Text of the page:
Canada lumbering toward another softwood lumber agreement

The low loonie won't make renewing the Softwood Lumber Agreement with the US any easier

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Roslyn Kunin is a Troy Media columnist
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VANCOUVER, BC, Dec. 6, 2014/Troy Media/ – As I write this, the Canadian dollar is worth less than 88 U.S. cents and no one is expecting it to make any drastic moves soon. Not long ago the loonie was above parity with the greenback and we are now concerned about the implications of its fall.

The benefits of a weaker currency are centered on exports. Canadian goods and services, resources, tourist attractions and manufactured goods become less expensive to those outside Canada. On the other hand, everything we import, from tangerines to technological equipment, becomes more expensive for Canadian consumers and businesses.

One area where the lower dollar has great potential to do harm is in the forest sector, especially with respect to softwood lumber. Lumber is important to the economy across Canada and has always been a mainstay in British Columbia. As we wait to see how much and how soon developments will occur in LNG and other sectors, a gently reviving forest industry is supporting the B.C. economy.

Softwood lumber agreement major threat to industry

But a big threat now looms over a major component of the forest industry in Canada and British Columbia. That threat is the fast approaching expiration of the Softwood Lumber Agreement (SLA) with the United States. Last September, the United States took 59 per cent of B.C.’s softwood lumber exports – down from earlier years, but still the lion’s share.

softwood lumber agreement
The U.S. Lumber Coalition is strongly opposed to renewing the Software Lumber Agreement

The United States should be delighted that Canada provides them with an assured supply of high-quality, low-cost, sustainably-produced lumber that becomes even better value as the Canadian dollar falls because it could reduce the cost of housing for Americans, a desirable goal.

However, and free trade agreements notwithstanding, lumber producers in the U.S. are determined to keep the price of their product up and the Canadian share of the market down, even though the capacity of U.S. lumber producers is insufficient to meet domestic demand.

Before the SLA was in place, the American industry waged an endless and very expensive battles alleging Canadian subsides on lumber and seeking countervailing duties. Apart from costing time and money, this process generated a level of uncertainty that plagued Canadian lumber producers.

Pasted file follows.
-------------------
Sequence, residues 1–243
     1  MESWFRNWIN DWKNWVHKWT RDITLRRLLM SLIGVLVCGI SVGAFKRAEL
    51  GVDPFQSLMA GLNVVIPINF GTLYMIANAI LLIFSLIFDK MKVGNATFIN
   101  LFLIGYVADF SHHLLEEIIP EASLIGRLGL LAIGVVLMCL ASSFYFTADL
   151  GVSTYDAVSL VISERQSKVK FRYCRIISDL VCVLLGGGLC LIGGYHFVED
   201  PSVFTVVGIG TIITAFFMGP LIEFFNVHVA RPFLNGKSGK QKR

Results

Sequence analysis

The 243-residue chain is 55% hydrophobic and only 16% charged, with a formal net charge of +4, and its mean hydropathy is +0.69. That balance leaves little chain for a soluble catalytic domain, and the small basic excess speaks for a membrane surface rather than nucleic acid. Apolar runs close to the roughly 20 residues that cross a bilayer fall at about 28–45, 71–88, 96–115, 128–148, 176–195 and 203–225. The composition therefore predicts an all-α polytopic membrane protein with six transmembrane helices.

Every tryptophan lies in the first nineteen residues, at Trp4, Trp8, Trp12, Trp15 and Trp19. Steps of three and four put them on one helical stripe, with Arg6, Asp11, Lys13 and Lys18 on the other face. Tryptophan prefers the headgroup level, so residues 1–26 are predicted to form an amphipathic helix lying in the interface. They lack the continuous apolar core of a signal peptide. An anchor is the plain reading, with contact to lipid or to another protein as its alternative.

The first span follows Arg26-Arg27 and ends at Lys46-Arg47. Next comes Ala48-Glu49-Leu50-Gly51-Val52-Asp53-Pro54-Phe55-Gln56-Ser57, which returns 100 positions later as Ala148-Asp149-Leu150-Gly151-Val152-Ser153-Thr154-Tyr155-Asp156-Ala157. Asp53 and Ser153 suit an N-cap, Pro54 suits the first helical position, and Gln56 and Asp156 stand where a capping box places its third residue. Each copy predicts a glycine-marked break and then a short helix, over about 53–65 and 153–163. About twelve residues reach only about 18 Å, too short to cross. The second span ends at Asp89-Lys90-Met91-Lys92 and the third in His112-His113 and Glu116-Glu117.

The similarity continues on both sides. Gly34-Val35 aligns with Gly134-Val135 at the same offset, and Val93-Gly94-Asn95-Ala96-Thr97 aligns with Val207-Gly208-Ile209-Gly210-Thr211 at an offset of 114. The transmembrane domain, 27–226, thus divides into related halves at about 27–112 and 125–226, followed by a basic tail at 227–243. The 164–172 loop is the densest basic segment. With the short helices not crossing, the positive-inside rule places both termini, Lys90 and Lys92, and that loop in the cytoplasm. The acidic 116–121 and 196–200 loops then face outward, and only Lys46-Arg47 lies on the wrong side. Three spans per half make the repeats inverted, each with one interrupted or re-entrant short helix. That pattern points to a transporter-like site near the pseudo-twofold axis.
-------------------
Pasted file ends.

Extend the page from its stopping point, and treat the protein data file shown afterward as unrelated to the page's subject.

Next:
The current SLA was implemented in 2006 and has been extended until October 2015. It is a complex and convoluted agreement with duties dependent upon price, volumes and market shares. Its impacts and implementation are different in different provinces and it is much more costly to the industry than freer trade. Nevertheless, it does provide a degree of certainty and the B.C. and Canadian lumber producers have found that they can live with it as the best of likely alternatives. Hence, the strong B.C. and Canadian desire to see the SLA, flawed as it is, renewed or extended.

The lobby group the U.S. Lumber Coalition, without providing details on its position, is strongly opposed to renewing the SLA, a position strengthened by the addition of two major U.S. lumber producers; Georgia Pacific and Weyerhaeuser. Their vehemence will only grow as a weak loonie makes Canadian lumber even cheaper.

Believing that if you can’t beat them you should join them, Canadian lumber producers West Fraser Timber, Interfor and Canfor, have purchased lumber mills in the U.S, which will likely curb their enthusiasm to support the pro SLA position in Canada.

It is highly likely that, a year from now, B.C. and Canadian lumber producers will face less certainty and more costly limited access to U.S. markets. The lower Canadian dollar makes this undesirable outcome even more probable.

Time to diversify away from the US

Our lumber sector will be hurt, but it will not die. However, when the battle is between the Canadian mouse and the U.S. elephant, switching should be considered over fighting. Diversifying lumber markets away from the United States provides a broader customer base.

Asia (not just China) is a good place to start. Turning more of our wood to products of higher value than lumber is advantageous, but we need to be more productive and creative to do that successfully.

We also need to be more competitive in global markets and here, at least in the short term, our lower dollar may help.

Troy Media BC’s Business columnist Roslyn Kunin is a consulting economist and speaker and can be reached at

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